"Right now, they're positioning the barge and they have pilings on the barge. (Those two long poles.) They'll be sticking those in the ground to stabilize their position. You'll see there are white buoys around in the water, that will be the center point of where they'll be putting each of three culverts."

Workers on the barge connected cables from the crane to metal hooks on each 20-thousand-pound culvert. Once secured, the crane slowly swung it’s arm over the side of the barge, lowering the culvert to scuba divers waiting in the water. The culvert silently slips beneath the surface – without a splash and without much fanfare. The divers then gently guided the culvert to its precise GPS-coordinated resting site below. The process was repeated five more times that day creating two reef modules for Parsons and his team.

Tom James

"Each one of those white buoys marks what we call the module. So three of them will be placed at module one, the other three will be placed at module 4," Parsons said. " Then, the Kelly Brothers will go back to the dock, get more culverts, and come back out at a later date. They can only do 6 in one day, so we'll see when the next set of modules go out."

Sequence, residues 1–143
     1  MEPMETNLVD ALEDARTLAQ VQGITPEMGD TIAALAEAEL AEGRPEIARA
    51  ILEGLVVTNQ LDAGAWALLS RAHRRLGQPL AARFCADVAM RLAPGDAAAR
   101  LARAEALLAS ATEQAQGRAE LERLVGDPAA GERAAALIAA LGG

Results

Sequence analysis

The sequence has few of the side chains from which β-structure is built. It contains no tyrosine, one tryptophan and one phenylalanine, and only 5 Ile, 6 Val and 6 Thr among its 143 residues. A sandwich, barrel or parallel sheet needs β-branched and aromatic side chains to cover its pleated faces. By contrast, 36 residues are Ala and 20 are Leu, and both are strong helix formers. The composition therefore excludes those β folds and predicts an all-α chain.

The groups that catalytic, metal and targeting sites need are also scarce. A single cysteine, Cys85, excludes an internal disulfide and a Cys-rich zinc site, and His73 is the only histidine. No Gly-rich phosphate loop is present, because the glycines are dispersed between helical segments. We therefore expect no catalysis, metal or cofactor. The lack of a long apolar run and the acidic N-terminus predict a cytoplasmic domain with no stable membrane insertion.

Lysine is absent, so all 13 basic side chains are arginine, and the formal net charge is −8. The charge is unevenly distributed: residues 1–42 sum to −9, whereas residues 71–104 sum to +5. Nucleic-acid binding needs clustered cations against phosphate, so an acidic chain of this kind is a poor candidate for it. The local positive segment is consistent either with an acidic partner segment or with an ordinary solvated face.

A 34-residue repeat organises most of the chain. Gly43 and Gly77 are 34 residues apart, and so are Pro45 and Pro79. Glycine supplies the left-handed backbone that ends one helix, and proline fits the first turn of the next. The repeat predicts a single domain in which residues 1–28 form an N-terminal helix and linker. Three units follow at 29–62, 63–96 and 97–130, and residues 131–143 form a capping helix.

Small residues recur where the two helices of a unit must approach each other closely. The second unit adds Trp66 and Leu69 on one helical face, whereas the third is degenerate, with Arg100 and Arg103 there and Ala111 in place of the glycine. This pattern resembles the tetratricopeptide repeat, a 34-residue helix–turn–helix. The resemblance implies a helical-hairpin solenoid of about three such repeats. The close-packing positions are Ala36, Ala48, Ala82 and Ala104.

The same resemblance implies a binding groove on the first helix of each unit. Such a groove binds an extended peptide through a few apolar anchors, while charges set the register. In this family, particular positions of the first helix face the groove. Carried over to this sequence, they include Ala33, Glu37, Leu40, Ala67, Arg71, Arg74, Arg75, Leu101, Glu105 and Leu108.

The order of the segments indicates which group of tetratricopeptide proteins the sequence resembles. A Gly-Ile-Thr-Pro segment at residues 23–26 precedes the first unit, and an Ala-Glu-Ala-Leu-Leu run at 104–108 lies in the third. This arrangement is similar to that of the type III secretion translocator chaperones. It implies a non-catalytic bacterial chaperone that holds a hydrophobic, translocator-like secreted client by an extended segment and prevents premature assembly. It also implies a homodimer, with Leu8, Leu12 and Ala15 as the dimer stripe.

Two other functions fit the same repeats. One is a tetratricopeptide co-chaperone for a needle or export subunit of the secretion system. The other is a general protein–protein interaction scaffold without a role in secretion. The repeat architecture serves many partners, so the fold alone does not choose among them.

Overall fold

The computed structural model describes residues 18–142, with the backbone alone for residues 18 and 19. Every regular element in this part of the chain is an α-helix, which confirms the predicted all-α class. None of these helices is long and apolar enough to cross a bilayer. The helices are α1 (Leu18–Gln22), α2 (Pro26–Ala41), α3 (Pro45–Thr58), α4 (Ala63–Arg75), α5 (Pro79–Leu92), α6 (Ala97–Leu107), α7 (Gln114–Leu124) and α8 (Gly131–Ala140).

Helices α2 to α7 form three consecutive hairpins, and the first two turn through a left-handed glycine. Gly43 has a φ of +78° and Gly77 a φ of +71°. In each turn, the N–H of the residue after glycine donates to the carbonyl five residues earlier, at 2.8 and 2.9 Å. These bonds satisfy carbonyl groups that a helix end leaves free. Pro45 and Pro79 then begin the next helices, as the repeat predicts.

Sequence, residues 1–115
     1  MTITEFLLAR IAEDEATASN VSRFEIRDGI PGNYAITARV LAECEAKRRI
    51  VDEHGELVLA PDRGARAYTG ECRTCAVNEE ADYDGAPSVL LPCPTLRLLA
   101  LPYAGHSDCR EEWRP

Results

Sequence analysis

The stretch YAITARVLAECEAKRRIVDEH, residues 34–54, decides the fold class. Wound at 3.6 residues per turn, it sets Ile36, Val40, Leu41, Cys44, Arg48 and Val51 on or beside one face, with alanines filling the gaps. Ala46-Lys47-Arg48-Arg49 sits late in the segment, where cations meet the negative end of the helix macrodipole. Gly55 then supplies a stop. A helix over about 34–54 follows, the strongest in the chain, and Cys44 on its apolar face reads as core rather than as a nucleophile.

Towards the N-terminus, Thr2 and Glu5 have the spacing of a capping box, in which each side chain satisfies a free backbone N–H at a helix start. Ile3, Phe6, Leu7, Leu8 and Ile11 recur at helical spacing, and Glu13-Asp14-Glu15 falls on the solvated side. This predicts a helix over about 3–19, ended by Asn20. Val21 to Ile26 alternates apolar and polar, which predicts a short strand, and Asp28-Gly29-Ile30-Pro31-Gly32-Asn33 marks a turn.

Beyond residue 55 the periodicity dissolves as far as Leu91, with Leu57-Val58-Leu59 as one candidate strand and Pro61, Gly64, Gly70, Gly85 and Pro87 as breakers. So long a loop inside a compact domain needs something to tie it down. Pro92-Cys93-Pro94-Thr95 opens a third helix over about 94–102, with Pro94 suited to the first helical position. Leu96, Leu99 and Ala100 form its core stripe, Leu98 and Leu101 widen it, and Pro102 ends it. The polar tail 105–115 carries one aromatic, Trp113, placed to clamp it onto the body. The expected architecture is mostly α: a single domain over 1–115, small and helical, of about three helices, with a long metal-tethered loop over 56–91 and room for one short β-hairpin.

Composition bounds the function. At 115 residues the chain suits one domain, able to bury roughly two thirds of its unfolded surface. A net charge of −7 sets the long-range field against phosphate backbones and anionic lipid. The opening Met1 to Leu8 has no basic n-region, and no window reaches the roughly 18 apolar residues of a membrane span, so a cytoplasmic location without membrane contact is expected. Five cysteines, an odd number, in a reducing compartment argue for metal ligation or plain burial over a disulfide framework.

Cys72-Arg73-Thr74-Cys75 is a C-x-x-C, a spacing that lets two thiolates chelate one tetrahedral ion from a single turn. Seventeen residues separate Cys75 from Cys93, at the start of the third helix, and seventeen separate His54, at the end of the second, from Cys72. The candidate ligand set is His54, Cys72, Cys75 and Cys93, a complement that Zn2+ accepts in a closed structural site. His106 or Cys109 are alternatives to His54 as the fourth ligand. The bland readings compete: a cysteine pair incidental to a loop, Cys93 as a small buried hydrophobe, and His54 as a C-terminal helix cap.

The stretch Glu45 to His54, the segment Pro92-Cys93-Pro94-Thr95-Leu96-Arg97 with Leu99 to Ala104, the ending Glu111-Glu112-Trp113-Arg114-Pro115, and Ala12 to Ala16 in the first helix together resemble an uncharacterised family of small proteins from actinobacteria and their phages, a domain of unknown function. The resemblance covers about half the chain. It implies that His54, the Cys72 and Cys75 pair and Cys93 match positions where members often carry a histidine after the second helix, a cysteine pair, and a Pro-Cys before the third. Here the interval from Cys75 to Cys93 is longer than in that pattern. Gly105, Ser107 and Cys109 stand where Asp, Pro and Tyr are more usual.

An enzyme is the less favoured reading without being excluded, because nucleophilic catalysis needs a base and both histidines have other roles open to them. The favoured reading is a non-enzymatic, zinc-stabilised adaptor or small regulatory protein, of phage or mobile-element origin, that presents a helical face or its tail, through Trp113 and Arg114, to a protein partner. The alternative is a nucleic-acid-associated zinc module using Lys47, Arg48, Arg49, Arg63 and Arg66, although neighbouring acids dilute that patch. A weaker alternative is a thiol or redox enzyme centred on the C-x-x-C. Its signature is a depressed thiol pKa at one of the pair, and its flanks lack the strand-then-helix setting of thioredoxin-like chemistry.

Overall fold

In fact, the other twelve culverts went out May 2023. Helen Nobel, Outreach Coordinator for Vester Marine & Environmental Science Research Field Station and Eric Rieseberg, whose daughter was the inspiration for the reef’s name, took a boat out to to see the completion of the reef modules.

"It was it was great to see," said Nobel, "It was certainly a a dream come true."

"I was actually at peace. I think that was the the best term," said Rieseberg, "We had finally done it."

With the Kimberly’s Reef complex finally in place, the FGCU scientific research was about to begin. As they say in SCUBA parlance, the pool was open.

Major support for the production of the Kimberly's Reef documentary and dispatches is provided by Bodil and George Gellman, who believe the human spirit is behind every scientific discovery.